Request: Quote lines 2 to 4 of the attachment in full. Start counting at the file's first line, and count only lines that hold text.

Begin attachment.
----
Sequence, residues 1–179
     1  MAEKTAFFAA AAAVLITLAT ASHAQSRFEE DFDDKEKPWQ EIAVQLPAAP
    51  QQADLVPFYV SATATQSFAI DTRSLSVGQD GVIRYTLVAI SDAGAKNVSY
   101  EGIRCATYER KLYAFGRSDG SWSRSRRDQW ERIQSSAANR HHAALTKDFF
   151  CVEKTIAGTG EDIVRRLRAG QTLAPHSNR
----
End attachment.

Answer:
     1  MAEKTAFFAA AAAVLITLAT ASHAQSRFEE DFDDKEKPWQ EIAVQLPAAP
    51  QQADLVPFYV SATATQSFAI DTRSLSVGQD GVIRYTLVAI SDAGAKNVSY
   101  EGIRCATYER KLYAFGRSDG SWSRSRRDQW ERIQSSAANR HHAALTKDFF